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Expanding and extending gene therapy of monogenic diseases of the haematopoietic system

Periodic Reporting for period 4 - GENE FOR CURE (Expanding and extending gene therapy of monogenic diseases of the haematopoietic system)

Reporting period: 2021-04-01 to 2022-09-30

The present project seeks to further consolidate the rationale for replacing HLA-partially-matched HSCT with a gene therapy approach to treat PIDs and to explore new strategies of gene modification by gene-editing technology.
The main goals of this project are as follows:
- WP1: Immunological and haematological reconstitution after gene therapy in WAS patients: implications for the clinical outcome, with a particular focus on autoimmunity and microthrombocytopenia
- WP2: Gene therapy of a SCID caused by an Artemis mutation: implementation of the first clinical trial for this indication
- WP3: Gene therapy for IPEX syndrome
- WP4: Gene therapy of SCA
WP1 : Immunological and haematological reconstitution after gene therapy in W AS patients: implications for the clinical outcome, with a particular focus on autoimmunity and microthrombocytopenia
WP1 aims at investigating the long term follow up of our first gene therapy trial for WAS in terms of the correction of all blood lineages, with a particular focus on the long-term cure of autoimmunity and thrombocytopenia. The study of platelet function and autoimmunity is ongoing and will be completed by the end of the project.

WP2 : Gene therapy of a SCID caused by an Artemis mutation: implementation of the first clinical trial for this indication
The main objective of this work package is to open a phase I/II clinical trial to treat 5 patients with Artemis immune deficiency. We expect at the end of the grant to have opened and included the 5 patients to be treated.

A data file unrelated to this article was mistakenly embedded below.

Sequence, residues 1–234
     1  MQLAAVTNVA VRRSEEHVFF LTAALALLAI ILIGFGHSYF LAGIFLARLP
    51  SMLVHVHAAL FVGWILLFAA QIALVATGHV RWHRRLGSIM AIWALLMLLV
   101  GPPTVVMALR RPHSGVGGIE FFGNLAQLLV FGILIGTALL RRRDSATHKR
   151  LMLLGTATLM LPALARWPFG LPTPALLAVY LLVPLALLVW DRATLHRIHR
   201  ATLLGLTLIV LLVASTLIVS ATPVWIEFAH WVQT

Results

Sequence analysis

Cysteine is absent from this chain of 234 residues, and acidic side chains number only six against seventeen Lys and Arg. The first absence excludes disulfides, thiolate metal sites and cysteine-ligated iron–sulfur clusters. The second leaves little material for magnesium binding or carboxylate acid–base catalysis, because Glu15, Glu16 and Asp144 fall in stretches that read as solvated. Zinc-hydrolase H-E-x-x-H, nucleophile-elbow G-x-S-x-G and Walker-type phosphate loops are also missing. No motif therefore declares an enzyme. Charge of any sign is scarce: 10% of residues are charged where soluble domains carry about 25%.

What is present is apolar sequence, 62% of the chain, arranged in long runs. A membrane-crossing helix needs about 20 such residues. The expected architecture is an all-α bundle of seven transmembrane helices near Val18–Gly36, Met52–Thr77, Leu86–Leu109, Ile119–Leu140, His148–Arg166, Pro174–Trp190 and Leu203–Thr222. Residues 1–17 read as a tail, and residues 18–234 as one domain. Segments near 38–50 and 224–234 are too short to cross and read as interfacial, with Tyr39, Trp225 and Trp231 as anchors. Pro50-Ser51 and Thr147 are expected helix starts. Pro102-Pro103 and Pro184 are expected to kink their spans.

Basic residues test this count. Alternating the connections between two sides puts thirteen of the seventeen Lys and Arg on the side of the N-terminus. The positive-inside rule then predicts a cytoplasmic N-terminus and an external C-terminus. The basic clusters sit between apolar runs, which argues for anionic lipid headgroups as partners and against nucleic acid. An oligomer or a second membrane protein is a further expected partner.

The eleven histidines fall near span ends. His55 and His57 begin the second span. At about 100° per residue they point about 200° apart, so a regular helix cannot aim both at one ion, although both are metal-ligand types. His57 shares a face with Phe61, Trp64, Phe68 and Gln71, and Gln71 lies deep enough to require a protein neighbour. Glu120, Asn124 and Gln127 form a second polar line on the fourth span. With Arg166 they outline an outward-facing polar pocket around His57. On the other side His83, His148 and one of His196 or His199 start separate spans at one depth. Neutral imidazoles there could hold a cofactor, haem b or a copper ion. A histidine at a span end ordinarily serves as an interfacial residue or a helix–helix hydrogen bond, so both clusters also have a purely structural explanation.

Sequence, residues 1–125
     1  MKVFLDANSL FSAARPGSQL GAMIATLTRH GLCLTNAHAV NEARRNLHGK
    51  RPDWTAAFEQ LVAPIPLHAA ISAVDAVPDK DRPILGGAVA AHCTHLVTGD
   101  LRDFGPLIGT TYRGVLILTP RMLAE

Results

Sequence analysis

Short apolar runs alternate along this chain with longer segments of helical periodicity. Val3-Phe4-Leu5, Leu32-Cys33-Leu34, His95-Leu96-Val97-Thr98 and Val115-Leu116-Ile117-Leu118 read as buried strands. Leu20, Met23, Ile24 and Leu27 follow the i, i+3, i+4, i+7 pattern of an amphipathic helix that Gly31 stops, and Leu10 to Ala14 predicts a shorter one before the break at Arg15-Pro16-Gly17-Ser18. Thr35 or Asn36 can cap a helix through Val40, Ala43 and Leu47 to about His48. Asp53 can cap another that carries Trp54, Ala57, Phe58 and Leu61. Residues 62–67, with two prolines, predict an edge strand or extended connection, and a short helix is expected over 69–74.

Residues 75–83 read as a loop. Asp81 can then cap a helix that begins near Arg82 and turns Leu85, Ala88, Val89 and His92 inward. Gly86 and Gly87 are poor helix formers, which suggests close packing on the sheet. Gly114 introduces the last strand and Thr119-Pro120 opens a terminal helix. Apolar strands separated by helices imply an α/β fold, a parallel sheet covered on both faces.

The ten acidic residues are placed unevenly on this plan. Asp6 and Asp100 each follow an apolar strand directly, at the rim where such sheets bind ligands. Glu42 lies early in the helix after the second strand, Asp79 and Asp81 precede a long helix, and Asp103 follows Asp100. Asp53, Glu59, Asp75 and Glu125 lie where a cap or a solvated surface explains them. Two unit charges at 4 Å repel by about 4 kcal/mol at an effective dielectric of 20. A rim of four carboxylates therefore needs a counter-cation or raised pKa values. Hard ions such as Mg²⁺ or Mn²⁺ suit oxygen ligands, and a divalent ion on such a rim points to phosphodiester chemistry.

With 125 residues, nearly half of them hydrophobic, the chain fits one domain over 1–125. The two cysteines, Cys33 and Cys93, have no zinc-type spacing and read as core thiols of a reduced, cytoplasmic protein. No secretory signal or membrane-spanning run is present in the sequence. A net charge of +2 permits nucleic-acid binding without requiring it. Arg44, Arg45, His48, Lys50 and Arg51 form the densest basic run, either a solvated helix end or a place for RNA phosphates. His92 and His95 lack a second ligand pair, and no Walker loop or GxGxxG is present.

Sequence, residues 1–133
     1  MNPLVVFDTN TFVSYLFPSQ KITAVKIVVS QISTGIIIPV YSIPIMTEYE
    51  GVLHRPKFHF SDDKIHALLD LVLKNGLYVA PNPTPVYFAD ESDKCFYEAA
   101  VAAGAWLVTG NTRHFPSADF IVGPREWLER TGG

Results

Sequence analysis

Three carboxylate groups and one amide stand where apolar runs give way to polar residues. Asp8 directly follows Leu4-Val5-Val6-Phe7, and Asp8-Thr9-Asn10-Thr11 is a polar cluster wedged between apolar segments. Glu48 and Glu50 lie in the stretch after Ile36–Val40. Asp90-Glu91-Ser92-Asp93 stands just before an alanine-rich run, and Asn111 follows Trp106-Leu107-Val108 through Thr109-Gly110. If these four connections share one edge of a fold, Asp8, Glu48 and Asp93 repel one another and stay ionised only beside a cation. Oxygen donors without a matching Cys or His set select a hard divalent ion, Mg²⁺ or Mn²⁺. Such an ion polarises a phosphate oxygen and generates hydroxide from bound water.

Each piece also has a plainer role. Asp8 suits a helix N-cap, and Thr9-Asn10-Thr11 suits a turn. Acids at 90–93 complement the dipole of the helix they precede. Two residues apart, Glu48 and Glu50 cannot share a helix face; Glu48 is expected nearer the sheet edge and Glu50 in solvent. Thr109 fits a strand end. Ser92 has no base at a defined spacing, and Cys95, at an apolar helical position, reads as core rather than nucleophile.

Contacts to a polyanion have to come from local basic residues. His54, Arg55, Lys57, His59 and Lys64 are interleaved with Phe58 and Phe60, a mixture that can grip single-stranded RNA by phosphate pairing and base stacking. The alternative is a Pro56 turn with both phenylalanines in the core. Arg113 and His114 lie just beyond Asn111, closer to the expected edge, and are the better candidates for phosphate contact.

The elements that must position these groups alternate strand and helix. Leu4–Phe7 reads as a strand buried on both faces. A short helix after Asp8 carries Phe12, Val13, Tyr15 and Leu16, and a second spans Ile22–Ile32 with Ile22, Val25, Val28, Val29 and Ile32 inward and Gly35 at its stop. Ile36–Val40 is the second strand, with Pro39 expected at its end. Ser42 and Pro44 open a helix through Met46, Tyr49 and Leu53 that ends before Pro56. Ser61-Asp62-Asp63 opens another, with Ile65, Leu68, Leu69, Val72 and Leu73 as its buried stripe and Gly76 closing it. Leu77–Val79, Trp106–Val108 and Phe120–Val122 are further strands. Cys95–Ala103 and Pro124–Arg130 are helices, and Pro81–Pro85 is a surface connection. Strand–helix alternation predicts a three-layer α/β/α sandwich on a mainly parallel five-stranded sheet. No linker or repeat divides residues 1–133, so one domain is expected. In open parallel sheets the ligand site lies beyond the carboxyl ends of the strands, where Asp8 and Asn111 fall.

WP3 : Gene therapy for IPEX syndrome
We shall then assess the ability of CD4SfFOXP3 cells to cure the scurfy mouse’s autoimmune symptoms by adoptive transfer in scurfy male recipients. We shall compare the efficiency of these CD4SfFOXP3 cells with that of eGFP Tregs in controlling the autoimmune manifestation of scurfy mice and define the cell dose required for a sustained effect. We shall analyse the long-term persistence of the corrected CD4SfFOXP3 cells over several months.

The stability of the generated Tregs is a critical parameter for robust suppressor function. Recent studies have also revealed the plasticity of the Treg lineage (Sawant and Vignali, 2014). Therefore, in addition to restoration of FOXP3 expression in IPEX cells, we shall explore their transcriptional signatures and (i) look for expression of other core suppression factors that act in synergy with Foxp3 to lock the regulatory signature (Fu et al., 2012) and (ii) define the whole signature by comparison with healthy Tregs (Ferraro et al., 2014).
Considering our preliminary data showing the feasibility of regulatory T cell engineering though lentiviral transduction of FOXP3 in diseased CD4 T cells, we expect to demonstrate the ability of transduced CD4SfFOXP3 to control the disease as efficiently as nTreg. We expect a reasonable stability of the cells allowing controlling the disease for a couple of months.

WP4 : Gene therapy of SCA
Compared to previously published studies, we have developed a novel high-titer vector expressing an anti-sickling transgene that will be use in a clinical trial expected to start at Necker Hospital in 2019. In parallel, we have developed a novel genome editing strategy to reactivate therapeutic HbF levels in vitro. Future experiments will aim at selecting guide RNAs specifically targeting the β-globin locus that lead to efficient HbF reactivation in the progeny of bona fide HSCs (as assessed by xenotransplantation in immunodeficient mice) without evidence of toxicity.